UFC Fight Night 51: Bigfoot Silva vs. Andrei Arlovski Review
Maybe you skipped UFC Fight Night 51 and, instead, hiked in a state park or picked apples with a loved one or found twenty minutes in your day to do some contemplative meditation. You know, good for you; that’s a great way to enjoy life. But the UFC machine has sucked you in, and you found yourself checking Twitter for UFC results. Maybe you should turn your phone off and just enjoy the moment, you know? But who am I to judge?
Anyway, you were probably surprised to see Andrei Arlovski knock out Antonio Silva. You should have been surprised: “Bigfoot” Silva’s been a quality heavyweight for some years now, and we’ve written Arlovski off since 2011. Silva came into this fight as a 3-1 favorite for a reason.
While the result was surprising, it was a natural conclusion to the fight that played out. Bigfoot looked slow and plodded around the cage. That’s not out of the ordinary as Bigfoot’s always been on the slower and ploddier side of things, but he looked especially so last night. Play-by-play man Jon Anik made note of Silva biding his time (or something similar), but Silva looked more like a guy fighting a half-second behind. Arlovski consistently beat him to the punch while controlling pace and distance.
Nine months ago, Silva fought Mark Hunt in what may have been the greatest heavyweight fight in UFC history. The Bigfoot in that fight threw 40 or more strikes in three separate rounds, including 82 and 69 in rounds four and five, respectively. The UFC found elevated levels of testosterone in his system, however, and suspended him for nine months.
Silva was on testosterone replacement therapy thanks to acromegaly, the same syndrome that gave wrestlers Andre Rousimoff (aka Andre the Giant) and Paul Wight their tremendous size. A cyst on the pituitary gland causes Silva’s acromegaly, which affects the production of testosterone. According to his manager, Alex Davis, Silva’s normal testosterone level is 70 ng/ml. (Typical male levels are anywhere between 250 and 1000 ng/ml.) Testosterone therapy allowed Silva to avoid surgery to remove the cyst.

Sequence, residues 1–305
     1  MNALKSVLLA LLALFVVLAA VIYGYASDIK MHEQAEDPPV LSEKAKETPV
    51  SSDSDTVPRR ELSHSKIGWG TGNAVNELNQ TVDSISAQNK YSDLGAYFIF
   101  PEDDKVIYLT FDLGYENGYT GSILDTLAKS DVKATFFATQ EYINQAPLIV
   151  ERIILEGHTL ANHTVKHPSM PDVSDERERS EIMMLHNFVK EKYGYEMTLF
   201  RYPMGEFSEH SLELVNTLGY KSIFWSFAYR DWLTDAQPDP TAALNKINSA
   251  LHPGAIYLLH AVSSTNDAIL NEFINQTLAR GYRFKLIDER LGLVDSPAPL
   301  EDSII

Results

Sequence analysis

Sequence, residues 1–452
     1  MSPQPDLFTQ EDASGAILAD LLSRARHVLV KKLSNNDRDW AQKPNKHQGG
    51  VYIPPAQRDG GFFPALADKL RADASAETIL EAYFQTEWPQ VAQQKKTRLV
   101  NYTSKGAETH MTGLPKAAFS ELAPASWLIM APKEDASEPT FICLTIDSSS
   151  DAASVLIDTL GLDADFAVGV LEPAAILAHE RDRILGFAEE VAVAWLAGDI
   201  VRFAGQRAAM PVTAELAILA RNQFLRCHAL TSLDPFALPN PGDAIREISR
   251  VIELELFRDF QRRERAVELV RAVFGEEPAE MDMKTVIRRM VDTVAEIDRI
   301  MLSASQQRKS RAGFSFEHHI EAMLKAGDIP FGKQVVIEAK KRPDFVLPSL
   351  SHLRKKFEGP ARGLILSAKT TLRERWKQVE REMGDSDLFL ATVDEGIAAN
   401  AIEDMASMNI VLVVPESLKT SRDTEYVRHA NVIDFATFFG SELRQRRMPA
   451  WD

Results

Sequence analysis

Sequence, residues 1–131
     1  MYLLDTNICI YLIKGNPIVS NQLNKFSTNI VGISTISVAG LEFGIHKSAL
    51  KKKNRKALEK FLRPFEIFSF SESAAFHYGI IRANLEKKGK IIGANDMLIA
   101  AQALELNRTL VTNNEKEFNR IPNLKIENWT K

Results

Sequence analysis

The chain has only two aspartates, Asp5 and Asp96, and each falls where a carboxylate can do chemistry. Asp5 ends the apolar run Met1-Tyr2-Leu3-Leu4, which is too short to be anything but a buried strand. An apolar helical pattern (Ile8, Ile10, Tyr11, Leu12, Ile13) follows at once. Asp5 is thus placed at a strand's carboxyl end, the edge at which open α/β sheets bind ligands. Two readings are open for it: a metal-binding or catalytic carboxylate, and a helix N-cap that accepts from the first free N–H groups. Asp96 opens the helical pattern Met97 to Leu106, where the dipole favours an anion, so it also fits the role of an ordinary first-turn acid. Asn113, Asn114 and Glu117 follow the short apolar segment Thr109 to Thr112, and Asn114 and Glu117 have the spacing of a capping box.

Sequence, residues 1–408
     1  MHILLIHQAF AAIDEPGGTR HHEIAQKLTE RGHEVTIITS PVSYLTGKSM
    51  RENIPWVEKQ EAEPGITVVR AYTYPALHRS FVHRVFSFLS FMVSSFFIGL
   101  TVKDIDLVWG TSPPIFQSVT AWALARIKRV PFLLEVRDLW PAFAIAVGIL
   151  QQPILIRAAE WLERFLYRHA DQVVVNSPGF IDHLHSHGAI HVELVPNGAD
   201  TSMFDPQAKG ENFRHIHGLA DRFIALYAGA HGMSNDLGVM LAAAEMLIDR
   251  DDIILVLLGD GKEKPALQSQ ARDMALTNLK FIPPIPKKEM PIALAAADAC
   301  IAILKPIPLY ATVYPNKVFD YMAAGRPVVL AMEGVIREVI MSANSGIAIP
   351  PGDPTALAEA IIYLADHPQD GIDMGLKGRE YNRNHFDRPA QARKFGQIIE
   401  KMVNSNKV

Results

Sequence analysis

You might wonder why Silva would avoid a surgery that seems so beneficial. The pituitary gland sits under the brain, and the only way to access it is through the nose. Injecting testosterone seems like a reasonable alternative.
But that’s no longer an option for Silva thanks to the Nevada commission’s ban on testosterone replacement therapy. That ban came two days after an ESPN published an Outside the Lines report investigating the issue. It’s hard to look at the rate of TRT use in MMA/the UFC and not suspect something was up. That something could be the effect of long-term side side effects of weight cutting and/or head trauma, prior steroid abuse, and/or straight-up corruption. In the case of Bigfoot Silva, however, it appears to be a legitimate medical issue.
That Outside the Lines report also notes the number of therapeutic-use exemptions handed out in other sports. Major League Baseball handed out six over the prior six seasons. The National Football League was more ambiguous, but admitted a “’handful’ had been handed out since 1990.” Even the United States Anti-Doping Agency had authorized an exemption in the past year. MMA wasn’t alone in this regard.
Even if we assume every fighter on TRT abused a loophole in the system, the answer isn’t to shut down therapeutic-use exemptions. The answer is to close the loophole. Provide stricter standards for receiving therapeutic-use exemptions for testosterone, perhaps by requiring a diagnosis from a commission-approved endocrinologist.
There’s a refrain from some anti-doping types that if a fighter’s body isn’t producing enough testosterone naturally that fighter should not be fighting. But we would not suggest commissions prevent diabetic fighters from fighting because their bodies do not produce enough insulin naturally. (Insulin is on WADA’s list of banned substances. Diabetics are given a sort of automatic therapeutic-use exemption.) Whether Bigfoot or Dan Henderson or anyone else with past TRT use is on the up-and-up is irrelevant; someone will eventually come along with a legitimate medical need.
We can’t fully subscribe Bigfoot Silva’s performance to a lack of testosterone use. The fight with Hunt also saw him absorb 184 strikes, somewhere around 90% of which landed on his head. And at 35 years of age (happy birthday, Antonio) and 25 professional fights, he could simply have hit a wall in his career. But the fighter we saw last night was a shell of the fighter we saw nine months ago, and he’s on his way to surgery on his head in direct response to the TRT ban.
Mike Fagan is a weekly contributor to MMA Owl. He also hosts Untethered MMA every Thursday at 7 p.m. ET. Follow him on Twitter.